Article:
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Host-guest self-assembly in block copolymer blends.

Park WI, Kim Y, Jeong JW, Kim K, Yoo JK, Hur YH, Kim JM, Thomas EL, Alexander-Katz A, Jung YS - Sci Rep (2013)

Bottom Line: Our self-consistent field theory (SCFT) simulation results theoretically support that the precise registration of a spherical BCP microdomain (guest, B-b-C) at the center of a perforated lamellar BCP nanostructure (host, A-b-B) can energetically stabilize the blended morphology.As an exemplary application of the hybrid nanotemplate, a nanoring-type Ge2Sb2Te5 (GST) phase-change memory device with an extremely low switching current is demonstrated.These results suggest the possibility of a new pathway to construct more diverse and complex nanostructures using controlled blending of various BCPs.

View Article: PubMed Central - PubMed

Affiliation: Department of Materials Science and Engineering, Korea Advanced Institute of Science and Technology (KAIST), 291 Daehak-ro, Yuseong-gu, Daejeon 305-701, Republic of Korea.

ABSTRACT
Ultrafine, uniform nanostructures with excellent functionalities can be formed by self-assembly of block copolymer (BCP) thin films. However, extension of their geometric variability is not straightforward due to their limited thin film morphologies. Here, we report that unusual and spontaneous positioning between host and guest BCP microdomains, even in the absence of H-bond linkages, can create hybridized morphologies that cannot be formed from a neat BCP. Our self-consistent field theory (SCFT) simulation results theoretically support that the precise registration of a spherical BCP microdomain (guest, B-b-C) at the center of a perforated lamellar BCP nanostructure (host, A-b-B) can energetically stabilize the blended morphology. As an exemplary application of the hybrid nanotemplate, a nanoring-type Ge2Sb2Te5 (GST) phase-change memory device with an extremely low switching current is demonstrated. These results suggest the possibility of a new pathway to construct more diverse and complex nanostructures using controlled blending of various BCPs.

No MeSH data available.


Related in: MedlinePlus

Host-guest self-assembly of blended BCPs.The chemical structures of the PDMS-b-PS and PS-b-PFS diblock copolymers (di-BCPs) used for the self-assembly is shown. The schematics of the as-spun and self-assembled morphologies of the blended BCPs are also presented. A mixed solvent vapor of heptane and toluene induces the formation of a perforated lamellar morphology of PDMS-b-PS that can precisely accommodate the spherical morphology of PS-b-PFS because heptane is selectively segregated in the PDMS blocks, whereas toluene swells PS and PFS blocks more preferentially. An inorganic dots-in-holes nanostructure is produced by oxidation of the hierarchically assembled BCP microdomains. Plasma oxidation selectively removes the PS, while oxidizing PDMS and PFS into stable inorganic materials. The array of metallic nanorings can be obtained from pattern-reversal of the dots-in-holes nanostructure.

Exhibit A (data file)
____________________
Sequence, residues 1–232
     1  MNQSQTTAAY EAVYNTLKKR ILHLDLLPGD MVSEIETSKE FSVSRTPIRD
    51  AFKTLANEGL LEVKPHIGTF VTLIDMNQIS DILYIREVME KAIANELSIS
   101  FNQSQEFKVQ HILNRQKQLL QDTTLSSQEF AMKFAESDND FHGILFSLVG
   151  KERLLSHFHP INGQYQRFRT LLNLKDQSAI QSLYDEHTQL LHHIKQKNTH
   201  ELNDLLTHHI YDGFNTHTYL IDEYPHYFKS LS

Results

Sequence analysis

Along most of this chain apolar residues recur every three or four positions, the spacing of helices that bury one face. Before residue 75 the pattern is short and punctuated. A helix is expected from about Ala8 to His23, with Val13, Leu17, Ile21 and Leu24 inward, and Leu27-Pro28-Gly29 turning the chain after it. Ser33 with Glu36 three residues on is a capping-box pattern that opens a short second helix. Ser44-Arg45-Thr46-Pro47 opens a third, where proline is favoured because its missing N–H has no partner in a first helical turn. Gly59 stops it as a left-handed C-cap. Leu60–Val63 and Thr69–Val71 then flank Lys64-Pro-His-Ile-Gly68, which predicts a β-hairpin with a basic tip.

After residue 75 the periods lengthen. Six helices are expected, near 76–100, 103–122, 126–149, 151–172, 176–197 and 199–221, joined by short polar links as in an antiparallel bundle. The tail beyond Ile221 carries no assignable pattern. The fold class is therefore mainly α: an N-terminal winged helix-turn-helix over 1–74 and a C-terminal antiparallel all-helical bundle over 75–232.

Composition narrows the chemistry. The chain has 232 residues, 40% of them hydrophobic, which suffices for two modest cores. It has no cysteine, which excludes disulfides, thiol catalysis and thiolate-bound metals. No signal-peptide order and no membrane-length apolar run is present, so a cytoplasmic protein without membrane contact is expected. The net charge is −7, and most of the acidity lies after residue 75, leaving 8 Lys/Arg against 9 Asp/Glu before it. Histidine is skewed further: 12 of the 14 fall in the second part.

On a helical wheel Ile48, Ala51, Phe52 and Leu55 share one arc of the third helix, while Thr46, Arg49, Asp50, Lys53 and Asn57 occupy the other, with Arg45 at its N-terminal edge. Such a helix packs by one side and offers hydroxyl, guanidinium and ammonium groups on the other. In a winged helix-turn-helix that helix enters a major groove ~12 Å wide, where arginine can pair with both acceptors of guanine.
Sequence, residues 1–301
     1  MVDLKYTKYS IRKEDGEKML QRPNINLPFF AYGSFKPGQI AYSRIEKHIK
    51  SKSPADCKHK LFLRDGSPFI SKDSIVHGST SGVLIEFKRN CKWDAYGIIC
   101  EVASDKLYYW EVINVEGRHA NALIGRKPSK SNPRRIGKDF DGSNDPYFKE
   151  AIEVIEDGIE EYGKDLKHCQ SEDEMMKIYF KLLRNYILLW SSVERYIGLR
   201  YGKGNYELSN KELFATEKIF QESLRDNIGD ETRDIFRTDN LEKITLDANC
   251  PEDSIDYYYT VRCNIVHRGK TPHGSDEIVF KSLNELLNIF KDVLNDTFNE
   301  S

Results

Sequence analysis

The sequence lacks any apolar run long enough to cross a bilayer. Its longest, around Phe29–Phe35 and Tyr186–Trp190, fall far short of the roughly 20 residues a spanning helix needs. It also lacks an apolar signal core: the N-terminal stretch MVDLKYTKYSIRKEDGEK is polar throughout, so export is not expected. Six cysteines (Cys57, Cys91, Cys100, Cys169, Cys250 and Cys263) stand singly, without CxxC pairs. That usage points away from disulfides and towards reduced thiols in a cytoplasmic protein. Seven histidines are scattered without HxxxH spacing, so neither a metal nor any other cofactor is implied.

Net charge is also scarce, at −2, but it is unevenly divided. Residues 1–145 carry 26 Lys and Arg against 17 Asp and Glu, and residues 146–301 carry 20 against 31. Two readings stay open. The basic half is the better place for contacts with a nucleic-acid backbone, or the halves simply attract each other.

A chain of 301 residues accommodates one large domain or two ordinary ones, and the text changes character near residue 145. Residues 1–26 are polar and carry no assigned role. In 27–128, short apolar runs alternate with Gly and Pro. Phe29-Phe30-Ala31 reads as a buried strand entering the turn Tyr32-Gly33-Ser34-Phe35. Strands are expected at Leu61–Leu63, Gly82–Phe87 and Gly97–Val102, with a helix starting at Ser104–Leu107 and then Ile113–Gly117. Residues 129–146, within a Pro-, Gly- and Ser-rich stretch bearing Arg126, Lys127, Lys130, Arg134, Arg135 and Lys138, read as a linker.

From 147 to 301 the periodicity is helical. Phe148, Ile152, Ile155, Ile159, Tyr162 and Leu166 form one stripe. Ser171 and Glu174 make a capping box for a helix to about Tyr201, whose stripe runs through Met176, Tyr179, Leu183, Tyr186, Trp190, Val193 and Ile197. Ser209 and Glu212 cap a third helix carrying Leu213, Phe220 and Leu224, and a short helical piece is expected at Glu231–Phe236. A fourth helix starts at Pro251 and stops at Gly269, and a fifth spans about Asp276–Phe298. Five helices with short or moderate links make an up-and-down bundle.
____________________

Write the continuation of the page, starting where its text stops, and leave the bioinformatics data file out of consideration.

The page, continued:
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f1: Host-guest self-assembly of blended BCPs.The chemical structures of the PDMS-b-PS and PS-b-PFS diblock copolymers (di-BCPs) used for the self-assembly is shown. The schematics of the as-spun and self-assembled morphologies of the blended BCPs are also presented. A mixed solvent vapor of heptane and toluene induces the formation of a perforated lamellar morphology of PDMS-b-PS that can precisely accommodate the spherical morphology of PS-b-PFS because heptane is selectively segregated in the PDMS blocks, whereas toluene swells PS and PFS blocks more preferentially. An inorganic dots-in-holes nanostructure is produced by oxidation of the hierarchically assembled BCP microdomains. Plasma oxidation selectively removes the PS, while oxidizing PDMS and PFS into stable inorganic materials. The array of metallic nanorings can be obtained from pattern-reversal of the dots-in-holes nanostructure.

Mentions: Figure 1 schematically conceptualizes an example of such hybrid nanostructures: hexagonally perforated lamellae (HPL) of one di-BCP (A-b-B) combined with the spherical microdomains of another di-BCP (B-b-C). The compositional choice was designed for the fabrication of nanoscale ring geometries, and the complex nanostructures can be realized by selectively removing the B polymer and reversing the remaining features comprised of the A and C blocks. It should be noted that such complex nanostructures cannot be prepared from a single di-BCP123233. In order to fabricate the designed nanostructures, we chose poly(dimethylsiloxane-b-styrene) (PDMS-b-PS) and poly(styrene-b-ferrocenyldimethylsilane) (PS-b-PFS) di-BCPs, where the pure organic PS (block B) are readily selectively removed and the inorganic-containing PDMS (block A) and PFS (block C) can be oxidized to form robust inorganic nanostructures that can subsequently serve as a high-resolution etch mask as well as a removable template for the formation of functional nanostructures.